UPS is not alone in evaluating the impact of the ACA and making changes. There are many companies changing the way they manage part-time employees, evaluating the types of coverage they currently provide and trying to figure out how to best balance ACA compliance while providing employee benefits. There is no “silver bullet.” The best strategy is one that is tailored to the specific needs of your company and your employees.

Let’s take UPS for example. They dropped coverage for “working spouses that have coverage available through their employer” because they did the due diligence and discovered this group was the largest claimant on their self-insured health plan.

The approaches and strategies are really only best if tailored to your specific organization and employee structure. Some industries utilize many part-time or seasonal workers. Others make use of contractors. The best way to ascertain your organization’s best move is to meet with an expert benefits broker and uncover all the nuances required for your organization to thrive.

How Do I Manage Employee Expectations?

One of the more tragic scenarios we see is mismanagement of communication that results in the loss of talent. There is a lot of misinformation about the law and associated requirements. If your employees are getting information from the media, they are at a minimum concerned and potentially panicked. It’s up to you to manage expectations appropriately.

  • Build Trust – don’t wait to communicate. If nothing is going to change, let the employees know. They will look to you for answers, so become that trusted resource. If your team is not quite ready to handle all the questions, we can help. If your organization is not providing insurance but want to provide a resource, we have an individual health insurance department that will help them determine if they are exchange subsidy eligible and educate them on available resources.Bottom line is to be the voice of reason amongst the chaotic media feeding frenzy so that your employees can have questions answered and then get back to work. Otherwise, ACA can become an unwelcome distraction.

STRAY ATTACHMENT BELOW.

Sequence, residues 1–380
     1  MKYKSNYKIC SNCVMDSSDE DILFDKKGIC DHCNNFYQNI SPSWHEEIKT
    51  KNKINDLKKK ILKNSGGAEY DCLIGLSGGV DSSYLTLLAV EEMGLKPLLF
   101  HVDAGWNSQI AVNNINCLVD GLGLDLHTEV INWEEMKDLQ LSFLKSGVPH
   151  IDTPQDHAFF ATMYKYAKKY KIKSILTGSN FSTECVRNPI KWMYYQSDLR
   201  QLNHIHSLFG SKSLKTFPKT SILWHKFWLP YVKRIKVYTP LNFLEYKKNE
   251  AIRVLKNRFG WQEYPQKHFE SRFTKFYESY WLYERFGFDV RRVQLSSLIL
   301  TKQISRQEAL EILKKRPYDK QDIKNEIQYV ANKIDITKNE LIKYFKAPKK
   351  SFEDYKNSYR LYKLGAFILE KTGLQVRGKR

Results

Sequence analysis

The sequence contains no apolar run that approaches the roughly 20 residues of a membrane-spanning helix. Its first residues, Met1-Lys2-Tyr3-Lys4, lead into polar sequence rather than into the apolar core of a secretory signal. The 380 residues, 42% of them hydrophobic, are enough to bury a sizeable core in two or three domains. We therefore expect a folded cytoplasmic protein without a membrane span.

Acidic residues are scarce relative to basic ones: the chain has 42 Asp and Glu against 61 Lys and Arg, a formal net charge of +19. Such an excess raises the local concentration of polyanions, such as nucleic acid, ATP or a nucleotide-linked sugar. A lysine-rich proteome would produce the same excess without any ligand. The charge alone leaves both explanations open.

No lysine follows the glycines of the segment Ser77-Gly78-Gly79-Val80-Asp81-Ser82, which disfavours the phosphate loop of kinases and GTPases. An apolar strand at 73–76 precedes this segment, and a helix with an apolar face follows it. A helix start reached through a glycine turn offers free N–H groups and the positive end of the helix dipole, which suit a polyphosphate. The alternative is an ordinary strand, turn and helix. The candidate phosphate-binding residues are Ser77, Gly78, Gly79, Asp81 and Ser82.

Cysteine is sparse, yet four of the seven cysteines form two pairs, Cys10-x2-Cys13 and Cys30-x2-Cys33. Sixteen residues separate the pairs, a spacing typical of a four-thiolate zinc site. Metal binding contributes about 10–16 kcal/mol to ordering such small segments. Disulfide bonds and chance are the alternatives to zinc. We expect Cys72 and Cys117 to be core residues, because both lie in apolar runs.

• There is No Free – Communication will do more than alleviate concerns – it will ensure that your employees feel appreciated and do not leave. We have been in more than one enrollment meeting where employees want to know if insurance is free under the law. Obviously healthcare benefits have a significant cost associated with them, and it is normal business practice for employees to carry some of that cost. Make sure that employees are aware, and that the recruiting and hiring teams are communicating this fact as well.
  • No Insurance – Communicate Anyway – if your organization is considered a small organization, or if you have a group of employees that you do not plan to offer health benefits to, make sure you communicate this and provide them with resources so they can navigate the Federal Exchange. Again, we have an individual health insurance department that will provide good information and answer all their questions.

As always, we are prepared to answer your questions whether business-related or your employees have questions regarding individual health care. Fortunately, you are not alone and have help getting through the chaotic, and sometimes misinformed, information on healthcare reform!

Share This: